Summertime Reading from the “Double Secret” Handbook for bad Executives

The security guard found a stack of travel brochures in the executive parking lot. He was shocked when he found this chapter of the handbook in the pile. He immediately turned it over to me for review. I swore him to secrecy.

Chapter 2 Ration that Pesky Vacation

Just when you thought that there were no more ways to squeeze that last of drop blood out of your staff, we’ve contrived a fiendishly clever method to achieve just that. The best part of it all is that you can point to company policies as being the villain here. It’s the best of all worlds.

What policies could be so useful to an executive who needs to impress their superiors with cost controls, instantaneous responses to their insatiable need for information, adherence to ever-changing deadlines and a high level of uninterrupted productivity? Why the vacation policies! It’s the Human Resources department’s fault that you’re strapped with having to deal with the cost and nuisance of staff being away from work on “vacation.” Employees are paid to work and not to be absent for such a non-value added activity. HR is the group that determined your staff members were due this silliness as a company benefit. They also came up with a variety of rules and policies regarding vacations. So whatever you have to do to manipulate those policies to get the results you want is really HR’s problem and not yours.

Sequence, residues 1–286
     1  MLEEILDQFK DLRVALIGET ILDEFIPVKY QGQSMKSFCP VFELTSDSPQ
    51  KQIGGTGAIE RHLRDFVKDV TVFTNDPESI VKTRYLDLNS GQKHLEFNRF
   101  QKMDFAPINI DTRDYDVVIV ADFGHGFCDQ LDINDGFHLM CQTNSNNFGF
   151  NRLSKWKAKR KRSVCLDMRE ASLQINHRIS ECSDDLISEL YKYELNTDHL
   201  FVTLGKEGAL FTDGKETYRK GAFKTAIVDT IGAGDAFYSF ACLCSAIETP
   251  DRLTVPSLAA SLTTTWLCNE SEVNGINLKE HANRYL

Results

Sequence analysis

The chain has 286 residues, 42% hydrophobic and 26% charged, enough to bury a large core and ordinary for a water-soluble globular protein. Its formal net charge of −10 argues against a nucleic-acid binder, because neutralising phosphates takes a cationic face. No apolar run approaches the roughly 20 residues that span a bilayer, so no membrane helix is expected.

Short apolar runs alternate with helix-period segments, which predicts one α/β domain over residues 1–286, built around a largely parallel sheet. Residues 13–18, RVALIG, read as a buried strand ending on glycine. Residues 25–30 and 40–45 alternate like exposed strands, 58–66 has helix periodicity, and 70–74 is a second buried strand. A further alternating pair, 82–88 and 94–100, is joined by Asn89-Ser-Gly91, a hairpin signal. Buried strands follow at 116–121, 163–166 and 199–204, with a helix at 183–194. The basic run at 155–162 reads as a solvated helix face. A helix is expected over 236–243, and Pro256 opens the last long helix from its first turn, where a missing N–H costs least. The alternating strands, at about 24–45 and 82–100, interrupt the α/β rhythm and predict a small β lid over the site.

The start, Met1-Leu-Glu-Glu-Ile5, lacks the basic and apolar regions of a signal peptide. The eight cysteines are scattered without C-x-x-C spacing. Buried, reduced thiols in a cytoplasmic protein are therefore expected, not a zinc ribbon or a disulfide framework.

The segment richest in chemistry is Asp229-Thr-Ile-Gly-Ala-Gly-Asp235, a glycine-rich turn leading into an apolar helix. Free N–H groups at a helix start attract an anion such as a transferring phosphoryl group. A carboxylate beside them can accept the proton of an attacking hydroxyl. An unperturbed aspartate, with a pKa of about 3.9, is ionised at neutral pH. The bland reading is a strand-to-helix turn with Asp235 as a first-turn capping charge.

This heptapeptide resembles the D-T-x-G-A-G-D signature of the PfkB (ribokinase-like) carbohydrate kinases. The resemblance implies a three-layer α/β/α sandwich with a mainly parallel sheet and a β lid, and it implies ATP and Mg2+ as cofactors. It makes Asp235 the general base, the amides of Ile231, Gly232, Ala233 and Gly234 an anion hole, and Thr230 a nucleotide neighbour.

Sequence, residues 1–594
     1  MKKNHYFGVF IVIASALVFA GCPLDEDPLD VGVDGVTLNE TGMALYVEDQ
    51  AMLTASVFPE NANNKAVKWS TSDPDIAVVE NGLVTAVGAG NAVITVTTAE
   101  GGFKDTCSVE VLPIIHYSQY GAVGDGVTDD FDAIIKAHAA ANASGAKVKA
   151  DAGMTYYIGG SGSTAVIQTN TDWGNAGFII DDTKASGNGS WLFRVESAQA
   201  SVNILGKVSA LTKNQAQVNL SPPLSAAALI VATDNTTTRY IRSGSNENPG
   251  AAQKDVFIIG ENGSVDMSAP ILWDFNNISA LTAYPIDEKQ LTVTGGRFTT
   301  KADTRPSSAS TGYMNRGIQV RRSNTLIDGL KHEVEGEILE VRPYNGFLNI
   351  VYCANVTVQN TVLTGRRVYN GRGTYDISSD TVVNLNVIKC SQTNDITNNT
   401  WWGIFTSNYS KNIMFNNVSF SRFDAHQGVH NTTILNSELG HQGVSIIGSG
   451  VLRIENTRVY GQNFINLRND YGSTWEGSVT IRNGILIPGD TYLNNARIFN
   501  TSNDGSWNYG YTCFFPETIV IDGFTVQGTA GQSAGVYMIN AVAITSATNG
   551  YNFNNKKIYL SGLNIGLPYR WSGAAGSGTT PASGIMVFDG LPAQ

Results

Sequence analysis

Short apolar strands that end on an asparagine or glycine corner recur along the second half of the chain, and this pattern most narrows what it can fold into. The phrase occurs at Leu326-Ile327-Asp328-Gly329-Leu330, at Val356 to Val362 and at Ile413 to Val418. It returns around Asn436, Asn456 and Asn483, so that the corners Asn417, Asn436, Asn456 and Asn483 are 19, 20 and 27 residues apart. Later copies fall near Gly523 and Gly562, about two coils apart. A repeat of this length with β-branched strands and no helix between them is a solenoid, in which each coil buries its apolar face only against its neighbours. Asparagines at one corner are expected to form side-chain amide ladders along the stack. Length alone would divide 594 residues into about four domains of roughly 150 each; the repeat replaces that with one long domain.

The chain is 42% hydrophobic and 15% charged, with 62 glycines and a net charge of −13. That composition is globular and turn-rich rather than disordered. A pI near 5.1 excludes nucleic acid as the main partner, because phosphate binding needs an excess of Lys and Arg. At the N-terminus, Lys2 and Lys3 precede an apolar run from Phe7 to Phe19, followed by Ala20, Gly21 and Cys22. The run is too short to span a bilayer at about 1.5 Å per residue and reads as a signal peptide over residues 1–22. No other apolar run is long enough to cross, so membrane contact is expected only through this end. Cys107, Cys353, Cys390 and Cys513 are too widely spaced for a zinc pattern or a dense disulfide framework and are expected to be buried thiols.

It’s an expensive proposition to keep additional staff to cover for those who are away on these boondoggles. You need to trim your budget to score points with the top brass. What about all those emergency requests, revised deadlines and meetings that arise constantly and out of the blue? You can’t disappoint your superiors by telling them that John or Betty is on vacation and the report or meeting will have to be delayed or postponed. You certainly can’t be expected to cover those contingencies yourself. You’re an executive after all and you wouldn’t even know how to get the actual work done to do it anyway. So let’s get down to the business of administering those vacation policies – the way you decide to interpret them anyway.